Calxeda Gets $55 Million in Funding for ARM Server Chips
Calxeda, which has a partnership with HP, leverages ARM’s chip designs to create its low-power EnergyCore chips for micro servers.Calxeda, among a number of vendors building server chips based on designs from ARM Holdings, is getting another cash infusion of $55 million, more than doubling the amount the 4-year-old company already has raised. Calxeda will use the money to help accelerate the innovation of its technology, as well as drive adoption efforts and reportedly to hire more people, according to company executives. The money, announced Oct. 9, is coming from Austin Ventures and Vulcan Capital, as well as existing investors. “This significant infusion of capital will accelerate the exciting trajectory we’ve been on for the past four years,” Calxeda co-founder and CEO Barry Evans said in a statement. “Businesses require a more efficient solution for the Web, cloud and big data. That is what Calxeda is now delivering, and this funding will enable us to go bigger and faster.” Calxeda, founded in 2008, is one of several companies looking to leverage ARM’s low-power chip designs to create chips that can be used in the data center. Such organizations as large Web 2.0 companies—like Facebook, Google and Microsoft—and cloud service providers are building huge, dense data centers that process massive numbers of smaller workloads. These companies are not looking for traditional power-hungry, powerful servers chips from the likes of Intel and Advanced Micro Devices. Instead, they want chips and servers that can run these large numbers of workloads in a highly power-efficient manner.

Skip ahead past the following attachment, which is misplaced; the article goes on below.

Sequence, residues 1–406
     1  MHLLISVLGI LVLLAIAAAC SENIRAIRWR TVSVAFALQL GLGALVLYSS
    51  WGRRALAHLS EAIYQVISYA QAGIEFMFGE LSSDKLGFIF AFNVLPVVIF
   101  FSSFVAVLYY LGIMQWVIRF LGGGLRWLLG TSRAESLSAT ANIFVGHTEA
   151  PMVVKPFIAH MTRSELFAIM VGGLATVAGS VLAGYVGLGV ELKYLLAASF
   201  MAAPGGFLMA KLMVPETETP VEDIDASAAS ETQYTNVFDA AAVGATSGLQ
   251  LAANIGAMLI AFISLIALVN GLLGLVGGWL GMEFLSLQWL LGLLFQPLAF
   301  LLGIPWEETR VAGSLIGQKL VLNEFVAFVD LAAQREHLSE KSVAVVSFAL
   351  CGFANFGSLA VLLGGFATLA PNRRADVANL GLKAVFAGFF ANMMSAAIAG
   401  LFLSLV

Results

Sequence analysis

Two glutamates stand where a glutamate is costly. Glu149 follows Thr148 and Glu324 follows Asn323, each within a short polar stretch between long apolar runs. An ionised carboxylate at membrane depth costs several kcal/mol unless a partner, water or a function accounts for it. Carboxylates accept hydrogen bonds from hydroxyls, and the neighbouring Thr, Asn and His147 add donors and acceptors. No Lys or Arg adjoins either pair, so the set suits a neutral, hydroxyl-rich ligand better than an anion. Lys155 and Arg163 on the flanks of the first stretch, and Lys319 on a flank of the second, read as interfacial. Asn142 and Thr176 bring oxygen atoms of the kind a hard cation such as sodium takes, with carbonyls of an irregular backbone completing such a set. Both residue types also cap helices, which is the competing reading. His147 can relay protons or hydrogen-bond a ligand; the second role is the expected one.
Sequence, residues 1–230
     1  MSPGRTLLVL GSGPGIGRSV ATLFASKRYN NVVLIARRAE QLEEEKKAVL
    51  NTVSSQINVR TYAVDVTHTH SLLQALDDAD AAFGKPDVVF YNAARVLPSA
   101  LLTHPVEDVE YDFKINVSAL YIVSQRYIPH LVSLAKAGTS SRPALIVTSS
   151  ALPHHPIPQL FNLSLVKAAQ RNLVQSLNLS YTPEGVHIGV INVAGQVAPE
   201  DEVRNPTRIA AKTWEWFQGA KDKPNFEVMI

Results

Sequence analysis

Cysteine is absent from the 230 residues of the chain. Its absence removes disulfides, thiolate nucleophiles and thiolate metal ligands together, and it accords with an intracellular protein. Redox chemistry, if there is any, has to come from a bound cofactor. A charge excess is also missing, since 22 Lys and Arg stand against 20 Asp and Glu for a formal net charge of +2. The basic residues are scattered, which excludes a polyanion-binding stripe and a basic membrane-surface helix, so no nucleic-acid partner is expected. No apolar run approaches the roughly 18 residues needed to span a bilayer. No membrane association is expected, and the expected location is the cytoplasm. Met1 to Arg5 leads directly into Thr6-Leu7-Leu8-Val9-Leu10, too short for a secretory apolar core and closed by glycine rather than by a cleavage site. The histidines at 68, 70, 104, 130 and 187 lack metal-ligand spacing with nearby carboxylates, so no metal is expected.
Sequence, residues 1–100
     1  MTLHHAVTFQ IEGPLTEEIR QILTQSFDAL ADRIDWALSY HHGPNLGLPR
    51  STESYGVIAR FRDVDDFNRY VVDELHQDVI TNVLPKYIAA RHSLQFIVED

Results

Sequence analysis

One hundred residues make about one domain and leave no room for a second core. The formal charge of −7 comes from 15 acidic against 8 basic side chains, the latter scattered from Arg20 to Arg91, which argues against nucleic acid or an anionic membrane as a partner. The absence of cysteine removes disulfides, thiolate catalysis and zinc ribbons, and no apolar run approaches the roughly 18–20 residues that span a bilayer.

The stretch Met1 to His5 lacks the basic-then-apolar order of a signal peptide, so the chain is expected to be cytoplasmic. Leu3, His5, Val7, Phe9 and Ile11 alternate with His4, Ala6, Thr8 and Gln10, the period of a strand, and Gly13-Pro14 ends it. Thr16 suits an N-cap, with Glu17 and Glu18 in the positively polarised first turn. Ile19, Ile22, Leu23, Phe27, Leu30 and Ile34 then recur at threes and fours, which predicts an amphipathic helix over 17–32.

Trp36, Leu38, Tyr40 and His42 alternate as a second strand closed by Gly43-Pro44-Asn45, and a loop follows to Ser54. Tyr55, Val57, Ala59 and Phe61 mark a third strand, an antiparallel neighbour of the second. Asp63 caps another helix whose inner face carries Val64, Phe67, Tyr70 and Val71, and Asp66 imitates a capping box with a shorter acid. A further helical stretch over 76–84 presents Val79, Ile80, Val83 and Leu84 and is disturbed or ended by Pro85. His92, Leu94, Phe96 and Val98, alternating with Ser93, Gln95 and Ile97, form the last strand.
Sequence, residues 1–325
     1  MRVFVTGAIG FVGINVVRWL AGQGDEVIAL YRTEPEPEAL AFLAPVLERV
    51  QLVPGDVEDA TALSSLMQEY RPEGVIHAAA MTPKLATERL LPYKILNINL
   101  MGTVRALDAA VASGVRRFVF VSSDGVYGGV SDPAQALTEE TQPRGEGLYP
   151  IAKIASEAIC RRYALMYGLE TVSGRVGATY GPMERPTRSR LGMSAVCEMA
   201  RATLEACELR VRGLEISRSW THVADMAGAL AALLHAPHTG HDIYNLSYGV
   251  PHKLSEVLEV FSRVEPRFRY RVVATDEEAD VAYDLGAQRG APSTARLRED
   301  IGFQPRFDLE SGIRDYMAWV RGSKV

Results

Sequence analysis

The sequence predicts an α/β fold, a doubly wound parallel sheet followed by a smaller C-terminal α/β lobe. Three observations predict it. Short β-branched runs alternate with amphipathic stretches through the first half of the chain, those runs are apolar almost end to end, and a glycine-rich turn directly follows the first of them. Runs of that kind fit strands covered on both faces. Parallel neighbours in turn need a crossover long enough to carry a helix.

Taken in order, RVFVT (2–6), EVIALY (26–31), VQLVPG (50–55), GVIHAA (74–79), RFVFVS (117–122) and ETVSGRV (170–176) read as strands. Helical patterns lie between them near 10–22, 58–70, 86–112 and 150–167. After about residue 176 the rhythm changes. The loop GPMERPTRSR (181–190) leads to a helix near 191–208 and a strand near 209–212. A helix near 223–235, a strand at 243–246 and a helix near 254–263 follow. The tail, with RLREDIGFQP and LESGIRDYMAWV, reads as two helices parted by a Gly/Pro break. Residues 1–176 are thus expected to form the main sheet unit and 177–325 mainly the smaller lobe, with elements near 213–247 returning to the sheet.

ARM’s chip designs dominate the mobile device space—such as smartphones and tablets—where energy efficiency is key. Calxeda licenses the designs from ARM, then adds in its own innovations—such as its own fabric technology and management engine—to create its EnergyCore products. Calxeda is working with a number of server makers—most notably Hewlett-Packard—to create low-power servers, sometimes called micro servers.